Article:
I was quite chuffed. My approach to the manager for a chance must have struck a chord, I was obviously in the frame to get a run-out soon and I was quite delighted to get the invitation. At the same time, I did have a real problem. My parents lived about a mile to the west of Ibrox in Cardonald and I had no access to a car, so I would have to take a bus into town, then another one out to Celtic Park, then, after the match –when I could easily have walked home through the crowds but did not have the slightest intention of so doing – when the bus had deposited the squad back at Parkhead, do the trip again in reverse.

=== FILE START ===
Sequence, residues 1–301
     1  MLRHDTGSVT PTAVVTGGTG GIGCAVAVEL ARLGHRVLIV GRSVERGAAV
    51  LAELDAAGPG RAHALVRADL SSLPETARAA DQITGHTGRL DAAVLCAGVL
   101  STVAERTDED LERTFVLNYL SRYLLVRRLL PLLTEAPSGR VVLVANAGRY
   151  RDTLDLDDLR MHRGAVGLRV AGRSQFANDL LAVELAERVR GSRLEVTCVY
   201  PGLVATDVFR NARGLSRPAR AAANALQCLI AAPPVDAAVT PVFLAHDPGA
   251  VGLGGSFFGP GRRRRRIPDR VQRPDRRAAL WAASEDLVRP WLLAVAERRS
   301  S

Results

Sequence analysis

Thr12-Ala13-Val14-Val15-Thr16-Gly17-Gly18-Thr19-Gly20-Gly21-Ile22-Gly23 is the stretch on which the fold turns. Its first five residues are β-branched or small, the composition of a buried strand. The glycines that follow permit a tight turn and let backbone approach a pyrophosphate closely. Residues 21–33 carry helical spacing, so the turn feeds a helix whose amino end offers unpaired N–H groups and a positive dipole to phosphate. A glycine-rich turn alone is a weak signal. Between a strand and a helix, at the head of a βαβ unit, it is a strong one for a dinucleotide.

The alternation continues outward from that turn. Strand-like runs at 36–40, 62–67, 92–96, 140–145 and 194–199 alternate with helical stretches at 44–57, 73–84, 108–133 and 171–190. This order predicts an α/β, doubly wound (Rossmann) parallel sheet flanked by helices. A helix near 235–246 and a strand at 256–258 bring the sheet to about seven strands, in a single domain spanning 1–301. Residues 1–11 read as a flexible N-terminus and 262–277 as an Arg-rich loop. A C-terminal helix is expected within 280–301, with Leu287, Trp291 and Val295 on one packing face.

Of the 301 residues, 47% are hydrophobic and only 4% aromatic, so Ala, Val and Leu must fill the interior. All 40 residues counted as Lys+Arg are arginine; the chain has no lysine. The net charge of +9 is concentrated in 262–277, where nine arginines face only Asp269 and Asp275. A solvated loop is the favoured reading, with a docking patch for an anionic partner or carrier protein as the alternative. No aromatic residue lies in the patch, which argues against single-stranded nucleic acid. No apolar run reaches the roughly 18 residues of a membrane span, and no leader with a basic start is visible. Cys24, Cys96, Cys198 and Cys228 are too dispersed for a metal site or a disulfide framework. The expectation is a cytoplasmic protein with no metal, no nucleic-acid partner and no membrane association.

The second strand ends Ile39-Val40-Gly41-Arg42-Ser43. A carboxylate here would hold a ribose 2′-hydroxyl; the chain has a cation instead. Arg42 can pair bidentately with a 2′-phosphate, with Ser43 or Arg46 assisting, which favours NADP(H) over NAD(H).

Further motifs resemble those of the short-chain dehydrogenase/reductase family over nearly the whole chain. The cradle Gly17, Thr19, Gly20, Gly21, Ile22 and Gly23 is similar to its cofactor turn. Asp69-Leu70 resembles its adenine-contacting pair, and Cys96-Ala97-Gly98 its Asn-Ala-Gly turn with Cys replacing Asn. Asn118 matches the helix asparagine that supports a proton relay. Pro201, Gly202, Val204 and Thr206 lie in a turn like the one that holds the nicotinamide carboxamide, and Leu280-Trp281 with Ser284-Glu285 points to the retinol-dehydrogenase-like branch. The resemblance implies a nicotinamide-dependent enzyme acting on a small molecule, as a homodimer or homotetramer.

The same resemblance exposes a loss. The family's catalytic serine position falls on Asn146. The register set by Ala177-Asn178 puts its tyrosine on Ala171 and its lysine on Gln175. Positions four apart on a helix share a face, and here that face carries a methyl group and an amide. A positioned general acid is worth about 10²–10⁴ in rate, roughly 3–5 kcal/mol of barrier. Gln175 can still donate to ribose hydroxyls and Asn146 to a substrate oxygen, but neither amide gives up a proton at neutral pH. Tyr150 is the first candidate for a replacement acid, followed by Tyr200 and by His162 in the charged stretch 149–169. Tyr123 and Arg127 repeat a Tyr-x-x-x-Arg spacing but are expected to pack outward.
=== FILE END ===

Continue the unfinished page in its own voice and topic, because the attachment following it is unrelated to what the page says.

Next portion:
POLICE WARN OLD FIRM FANS
Glasgow’s Chief Constable, Mr James Robertson, yesterday appealed to Rangers and Celtic fans to behave themselves at today’s match at Ibrox. He warned that stringent measures would be taken against those who did not behave.
When I arrived at the park, I got a great welcome from all the players and congratulations were the order of the day for the win the night before. They wanted to know all the details of the game and once again, it was the Brazilian Inacio who was the topic of most of the queries. The Boss also went out of his way to welcome me, as did Sean and the coaching staff. Then the Boss said “Let’s Go” and we were off.
What a Trip!